Raising hell

One of the irritating things about the introduction of the EU Data Protection Regulation, the timing and final shape of which is still up in the air, is the way in which marketing companies are buzzing around, fearful of what the changes might mean. Most of them fret about the perceived emphasis on unambiguous consent, and what irritates me is that none of these idiots seem to be aware that active consent has been needed for email and text marketing since 2003 (under the Privacy and Electronic Communications Regulations, or PECR). The big change they are worried about happened more than ten years ago.

A slightly different take on the problem is doing the rounds in the charity fundraising sector. An article on the Civil Society News website encapsulates it with a suitably hysterical headline: “EU data protection proposals would kill fundraisers’ mailing lists, says report“. If the regulation contained provisions to ban marketing in general or marketing by charities in particular, this would be true and terrible. Stephen Pidgeon, a “fundraising consultant” and trustee of the Institute for Fundraising is quoted:

“if the EU introduce compulsory ‘opt-ins’ for direct mail then the cold mailing lists that still drive minor donor fundraising will disappear and, with them, millions of pounds”

Full marks for the euphemism ‘cold mailing list’ there, when what Mr Pidgeon means is ‘junk mail’. The author of a report into this nefarious proposal, Andy Taylor, a consultant at a charity marketing agency called ‘The Desired Effect’, is equally scathing:

“There is a balance to be struck between the donor’s right to privacy and our ability to fundraise, and the current draft of the proposals doesn’t get this right.” 

The factual content of the article is awful – it asserts that charities can make marketing calls unless told not to, ignoring the existence of the Telephone Preference Service which applies to charities as it does to everyone else. It also claims that charities can use the ‘soft opt-in’ for email marketing, which allows an organisation to operate a tight opt-out system when marketing similar products to existing customers. PECR clearly refers to the soft opt-in being engaged during a ‘sale’, and the Information Commissioner’s guidance is unambiguous about what that means:

“the ‘soft opt-in’ exception can only apply to commercial marketing of products and services… [not for profit organisations] will not be able to send campaigning texts or emails without specific consent, even to existing supporters” (page 12)

The Civil Society article also complains about the possibility that the Regulation may interfere with a charity’s ability to profile potential donors. What this means is made more explicit in a recent piece published by Fundraising UK, which complained:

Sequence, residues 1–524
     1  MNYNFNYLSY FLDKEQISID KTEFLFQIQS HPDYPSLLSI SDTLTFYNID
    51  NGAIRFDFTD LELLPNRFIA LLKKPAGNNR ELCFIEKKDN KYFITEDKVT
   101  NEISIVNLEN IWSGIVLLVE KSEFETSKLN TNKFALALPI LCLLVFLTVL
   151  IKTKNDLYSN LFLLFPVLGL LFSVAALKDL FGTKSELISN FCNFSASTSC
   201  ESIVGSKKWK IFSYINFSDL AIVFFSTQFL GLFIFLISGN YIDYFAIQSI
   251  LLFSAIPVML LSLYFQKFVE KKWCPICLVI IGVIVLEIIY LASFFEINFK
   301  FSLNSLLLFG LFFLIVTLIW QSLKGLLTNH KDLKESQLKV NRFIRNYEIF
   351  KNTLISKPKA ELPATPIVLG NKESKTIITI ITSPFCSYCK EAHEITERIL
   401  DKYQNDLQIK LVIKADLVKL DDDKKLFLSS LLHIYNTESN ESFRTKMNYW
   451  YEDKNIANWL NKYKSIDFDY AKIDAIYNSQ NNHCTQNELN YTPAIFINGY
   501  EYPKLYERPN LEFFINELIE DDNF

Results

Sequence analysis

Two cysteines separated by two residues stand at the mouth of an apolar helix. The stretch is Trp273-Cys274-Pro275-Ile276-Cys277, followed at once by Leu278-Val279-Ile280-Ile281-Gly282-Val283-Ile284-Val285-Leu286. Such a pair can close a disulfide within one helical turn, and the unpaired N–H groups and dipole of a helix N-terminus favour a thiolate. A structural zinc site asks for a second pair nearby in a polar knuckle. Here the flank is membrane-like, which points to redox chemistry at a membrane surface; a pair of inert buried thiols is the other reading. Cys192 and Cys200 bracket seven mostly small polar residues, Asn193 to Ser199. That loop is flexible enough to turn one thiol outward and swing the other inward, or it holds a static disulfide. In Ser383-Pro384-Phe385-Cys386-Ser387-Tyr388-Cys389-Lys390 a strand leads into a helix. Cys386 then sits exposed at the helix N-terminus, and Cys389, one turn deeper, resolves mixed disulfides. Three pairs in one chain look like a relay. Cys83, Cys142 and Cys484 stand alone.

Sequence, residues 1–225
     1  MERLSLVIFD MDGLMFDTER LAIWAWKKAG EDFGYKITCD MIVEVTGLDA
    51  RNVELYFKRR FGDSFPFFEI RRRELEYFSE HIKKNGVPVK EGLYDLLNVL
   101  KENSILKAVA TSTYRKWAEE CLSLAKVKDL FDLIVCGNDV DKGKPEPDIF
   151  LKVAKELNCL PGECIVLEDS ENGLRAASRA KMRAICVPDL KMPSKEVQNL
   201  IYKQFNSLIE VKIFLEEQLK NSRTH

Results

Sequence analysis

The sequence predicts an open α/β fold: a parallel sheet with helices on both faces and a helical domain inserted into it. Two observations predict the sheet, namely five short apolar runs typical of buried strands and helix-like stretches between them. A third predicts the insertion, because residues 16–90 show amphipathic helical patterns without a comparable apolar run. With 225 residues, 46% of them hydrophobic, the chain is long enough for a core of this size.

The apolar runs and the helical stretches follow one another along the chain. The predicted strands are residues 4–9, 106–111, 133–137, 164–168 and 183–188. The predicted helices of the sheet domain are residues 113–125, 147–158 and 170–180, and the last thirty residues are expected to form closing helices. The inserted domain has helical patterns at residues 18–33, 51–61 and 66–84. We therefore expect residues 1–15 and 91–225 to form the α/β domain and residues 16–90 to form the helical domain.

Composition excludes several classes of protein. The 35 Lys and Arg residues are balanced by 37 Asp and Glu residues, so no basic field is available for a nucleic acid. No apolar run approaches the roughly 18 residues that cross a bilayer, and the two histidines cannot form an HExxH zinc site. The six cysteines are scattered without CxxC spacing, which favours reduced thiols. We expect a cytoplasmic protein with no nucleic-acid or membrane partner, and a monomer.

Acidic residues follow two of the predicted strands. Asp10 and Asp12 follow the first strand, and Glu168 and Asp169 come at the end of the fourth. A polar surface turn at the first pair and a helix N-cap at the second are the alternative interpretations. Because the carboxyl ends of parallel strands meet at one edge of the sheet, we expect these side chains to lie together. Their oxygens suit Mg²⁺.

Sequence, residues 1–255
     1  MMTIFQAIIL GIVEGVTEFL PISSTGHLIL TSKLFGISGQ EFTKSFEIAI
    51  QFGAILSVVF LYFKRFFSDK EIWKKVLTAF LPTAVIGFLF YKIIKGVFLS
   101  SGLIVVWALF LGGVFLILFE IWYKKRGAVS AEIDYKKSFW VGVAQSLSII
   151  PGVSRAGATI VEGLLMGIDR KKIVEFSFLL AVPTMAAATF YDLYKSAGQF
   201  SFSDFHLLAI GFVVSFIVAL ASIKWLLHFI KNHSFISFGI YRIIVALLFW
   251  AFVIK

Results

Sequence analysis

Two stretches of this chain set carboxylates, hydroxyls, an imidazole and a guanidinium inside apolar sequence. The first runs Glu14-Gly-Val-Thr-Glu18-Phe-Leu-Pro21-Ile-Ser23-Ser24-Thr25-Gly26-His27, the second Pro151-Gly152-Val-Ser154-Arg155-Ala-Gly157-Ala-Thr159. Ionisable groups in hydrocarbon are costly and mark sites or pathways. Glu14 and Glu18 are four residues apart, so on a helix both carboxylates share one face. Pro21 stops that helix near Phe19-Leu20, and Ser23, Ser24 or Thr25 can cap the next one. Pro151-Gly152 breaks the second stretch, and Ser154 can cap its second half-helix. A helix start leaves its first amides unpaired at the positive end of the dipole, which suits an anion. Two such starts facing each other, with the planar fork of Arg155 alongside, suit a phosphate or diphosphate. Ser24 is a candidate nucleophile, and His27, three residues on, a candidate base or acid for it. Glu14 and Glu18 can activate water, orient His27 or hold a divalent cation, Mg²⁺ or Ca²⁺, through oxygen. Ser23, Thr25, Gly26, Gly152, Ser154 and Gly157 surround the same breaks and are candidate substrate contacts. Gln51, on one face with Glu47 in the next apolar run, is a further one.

“charities would no longer be able to target direct marketing campaigns at specific donor profiles and would severely hamper the ability to build up prospect donor information”

I think some charities’ good works can be diluted by a sense of entitlement (I’ve blogged about the human embodiment of this in the past), and their fund-raising methods can be awful. Few commercial organisations would expect to get away with the antics of chuggers, but charities expect a free pass when hassling unwilling citizens in the street and paying a cut of donations to the companies they employ to do so. The attitude on display by Fundraising UK is even worse – would you be happy if a charity assembled information about you without your consent and then sent unsolicited marketing to you? I’d be fascinated to know if charities that profile ‘prospect donors’ comply with the first Data Protection principle by informing the ‘prospect’ that they were doing so – regardless of consent, there is no exemption from fair processing available.

I hope that those fundraisers agitating against explicit consent for marketing fail. Expecting an organisation to have permission before sending marketing isn’t just a legitimate way of setting up privacy law, it’s basic courtesy. There are already a lot of circumstances where our data is used without consent – many justified, some not. But where there is not some legal or security requirement that makes consent inappropriate, it should be the default for everyone, regardless of the effect on profit, innovation or donation. One vital aspect of privacy is having a right to be left alone, to be able to close your door and not be bothered by anyone else. The position of these fundraisers and consultants is that charities should be able to override that to get their cash. The headline of the Civil Society article is nonsense because explicit consent doesn’t kill charity mailing lists, it just makes them fair. It ensures that those people who are on the lists want to be on the lists. If fundraisers are concerned about the effect of Data Protection on their income, perhaps they should approach their targets with more respect.

Comments

  1. Articles like the one you refer to here are worrying! Perhaps even more worrying is that the same story has featured in the latest e-newsletter from PDP and appears (on my reading) to be reported in a way which suggests it accurately reflects the legal position.

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